Science Gateways and Sustaining Science Software

I recently had the pleasure of attending the 10th Gateway Computing Environments (GCE) Workshop. The GCE program was created about 10 years ago as part of NSF TeraGrid project.   Nancy Wilkins-Diehr of the San Diego Supercomputing Center has been the leader of GCE from day one and she continues to do an amazing job with the project and organizing the workshops.  GCE has become a large and very productive collaboration in the U.S. and there is also now an International branch with meetings in Europe and Australia.

If you are unfamiliar with the science gateway concept a one paragraph tutorial is in order.   A science gateway is a web portal or app that is tailored to research needs of a specific scientific community. The gateway can allow its users access to advanced applications and data collections.   For example, the Cyberinfrastructure for Phylogenetic Research (CIPRES) gateway (http://www.philo.org) explores the evolutionary relationships among various biological species.   It allows its users to run dozens of computationally intensive phylogenetic tree inference tools (e.g., GARLI, RAxML, MrBayes) on NSF’s XSEDE supercomputers.   Another great example is NanoHub that was built at Purdue University to provide education and research tools for nanotechnology. In the genomics research world GenomeSpace is a gateway for a large collection of tools and it represents a broad community of developers and users.

I was around for the early days of GCE and I also attended the International event in Dublin in 2014. I have been amazed by the progress this community has made. Ten years ago the science gateway program in TeraGrid was a small project that was seen by the big computing centers as “mostly harmless”[1]. However it is now a big deal. NanoHub has evolved into Hubzero.org and it supports many additional domains including cancer research, pharmaceutical manufacturing, earthquake mitigation, STEM education.   They have had 1.8 million users in 2014.   CIPRES is now one of XSEDE’s largest users consuming 18.7M compute core hours in 2014.   Of course there are many big individual users doing great science at scale on the NSF supercomputer centers, but CIPRES and some other gateways represent about one half of all XSEDE users. The bottom line is that the nation’s investment in supercomputing is paying off for a very wide spectrum of scientists.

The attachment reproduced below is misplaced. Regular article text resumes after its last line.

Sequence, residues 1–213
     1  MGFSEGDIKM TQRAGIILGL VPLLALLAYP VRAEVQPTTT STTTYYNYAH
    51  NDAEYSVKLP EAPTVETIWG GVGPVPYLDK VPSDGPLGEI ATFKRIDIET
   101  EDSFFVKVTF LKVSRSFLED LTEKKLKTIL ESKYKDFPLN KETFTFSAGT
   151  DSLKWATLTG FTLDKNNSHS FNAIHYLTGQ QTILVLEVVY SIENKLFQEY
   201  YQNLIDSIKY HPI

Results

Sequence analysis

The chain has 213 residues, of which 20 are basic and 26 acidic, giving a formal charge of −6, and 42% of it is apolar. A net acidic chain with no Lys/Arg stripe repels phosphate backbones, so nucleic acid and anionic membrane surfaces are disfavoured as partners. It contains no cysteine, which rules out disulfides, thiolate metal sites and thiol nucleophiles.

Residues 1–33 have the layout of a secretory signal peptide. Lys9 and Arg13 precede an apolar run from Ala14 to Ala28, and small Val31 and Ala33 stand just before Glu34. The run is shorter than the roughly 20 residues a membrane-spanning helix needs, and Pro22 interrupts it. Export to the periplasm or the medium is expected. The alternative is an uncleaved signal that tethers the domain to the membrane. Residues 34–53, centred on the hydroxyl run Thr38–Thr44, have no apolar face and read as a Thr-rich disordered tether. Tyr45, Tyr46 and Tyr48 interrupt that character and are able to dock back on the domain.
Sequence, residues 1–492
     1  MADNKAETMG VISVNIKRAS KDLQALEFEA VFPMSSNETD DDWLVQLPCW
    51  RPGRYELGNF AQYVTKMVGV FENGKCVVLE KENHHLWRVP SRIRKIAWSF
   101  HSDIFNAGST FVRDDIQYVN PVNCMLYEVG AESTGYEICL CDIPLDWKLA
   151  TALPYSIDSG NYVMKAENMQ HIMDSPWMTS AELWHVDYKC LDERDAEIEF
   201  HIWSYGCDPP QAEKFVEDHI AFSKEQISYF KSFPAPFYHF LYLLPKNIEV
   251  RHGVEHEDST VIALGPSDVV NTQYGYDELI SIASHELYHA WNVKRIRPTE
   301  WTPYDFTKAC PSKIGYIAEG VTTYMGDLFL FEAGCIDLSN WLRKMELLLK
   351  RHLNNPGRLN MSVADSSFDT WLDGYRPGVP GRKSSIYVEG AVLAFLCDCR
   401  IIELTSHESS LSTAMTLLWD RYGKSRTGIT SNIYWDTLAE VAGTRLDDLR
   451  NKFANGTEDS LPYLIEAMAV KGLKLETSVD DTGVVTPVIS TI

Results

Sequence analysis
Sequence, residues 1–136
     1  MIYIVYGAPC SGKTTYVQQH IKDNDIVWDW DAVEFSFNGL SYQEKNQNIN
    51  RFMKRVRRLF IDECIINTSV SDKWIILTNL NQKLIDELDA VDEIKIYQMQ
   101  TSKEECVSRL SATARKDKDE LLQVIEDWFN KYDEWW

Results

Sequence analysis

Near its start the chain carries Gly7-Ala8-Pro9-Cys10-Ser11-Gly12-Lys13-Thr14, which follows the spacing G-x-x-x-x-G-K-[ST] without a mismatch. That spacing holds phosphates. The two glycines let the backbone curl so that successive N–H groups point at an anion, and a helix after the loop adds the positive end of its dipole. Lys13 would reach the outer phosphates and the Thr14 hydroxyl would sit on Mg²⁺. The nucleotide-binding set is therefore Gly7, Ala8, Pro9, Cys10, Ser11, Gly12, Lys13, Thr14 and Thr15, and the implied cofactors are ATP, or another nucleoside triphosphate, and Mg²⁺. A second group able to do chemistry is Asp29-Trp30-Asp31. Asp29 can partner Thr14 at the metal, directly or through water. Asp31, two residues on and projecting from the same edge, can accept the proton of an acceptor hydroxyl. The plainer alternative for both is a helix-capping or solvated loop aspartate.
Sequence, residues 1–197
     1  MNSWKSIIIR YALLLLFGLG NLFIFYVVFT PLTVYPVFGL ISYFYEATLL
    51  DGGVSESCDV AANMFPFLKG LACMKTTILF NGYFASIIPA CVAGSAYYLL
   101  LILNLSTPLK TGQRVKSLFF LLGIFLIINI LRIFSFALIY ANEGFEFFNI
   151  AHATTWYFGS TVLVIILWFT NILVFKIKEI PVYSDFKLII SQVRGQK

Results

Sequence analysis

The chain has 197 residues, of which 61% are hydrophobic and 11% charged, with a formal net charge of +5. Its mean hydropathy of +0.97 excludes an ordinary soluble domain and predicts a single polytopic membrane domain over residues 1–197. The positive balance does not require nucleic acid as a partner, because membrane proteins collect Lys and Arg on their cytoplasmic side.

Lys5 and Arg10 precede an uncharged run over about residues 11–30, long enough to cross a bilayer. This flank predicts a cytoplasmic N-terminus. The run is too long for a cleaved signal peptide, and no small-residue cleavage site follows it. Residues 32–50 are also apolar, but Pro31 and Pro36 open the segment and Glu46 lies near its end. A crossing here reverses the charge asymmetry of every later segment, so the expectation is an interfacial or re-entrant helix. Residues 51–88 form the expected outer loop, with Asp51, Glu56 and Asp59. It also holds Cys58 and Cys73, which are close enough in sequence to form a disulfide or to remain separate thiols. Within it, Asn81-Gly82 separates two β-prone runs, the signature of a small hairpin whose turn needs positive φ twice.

The workshop had some excellent talks.   There was a fantastic Keynote by Alexandra Swanson from Oxford and the Zooniverse project. Zooniverse is a rather unusual gateway.   Rather than being supercomputer powered it is “people powered”.     It started with the Galaxy Zoo project but now supports just about any research project that needs large teams of volunteers to help sift through vast piles of (mostly) image data and help with classification and discovery. It is a bit like the Amazon mechanical Turk but much more science focused. Ali’s talk (slides here) really stressed the challenge of building and designing the portal technology need to allow a user to build a productive instance of a universe.

The slides for all the presentations are on the program page for the workshop. They were all good but two of them were very interesting to me. Pankaj Saha from Binghamton University gave a great talk about how they are now integrating Docker, Marathon and Mesos with the Apache Airavita project. Airavita is a framework for orchestrating the computational jobs and workflows of a science gateway onto supercomputers, local clusters and commercial clouds.   It is high component based and a natural fit for Docker, Marathon and Mesos.   The talk was only a snapshot of work in progress and I look forward to seeing how well they are able to exploit these tools to make Airavita extremely easy to deploy and manage.

Shava Smallen of the SDSC gave a fascinating talk about how machine learning can be used to predict failures and manage resources for the CIPRES gateway.   My experience with one science gateway many years ago was that various parts were always crashing. (At the time, I preferred to blame the users and not our software.)   This SDSC project is really interesting. I am convinced that this is a great application for ML.   Distributed system software like Zookeeper, Mesoshpere and Marathon along with extremely reliable messaging services like RabbitMQ have made huge strides in our ability to design robust systems.   But Supercomputing platforms are designed to push the edge in terms of performance and are not very friendly to long running systems like science gateways.   Doing more of this sort of “smart” monitoring and failure prediction is very important.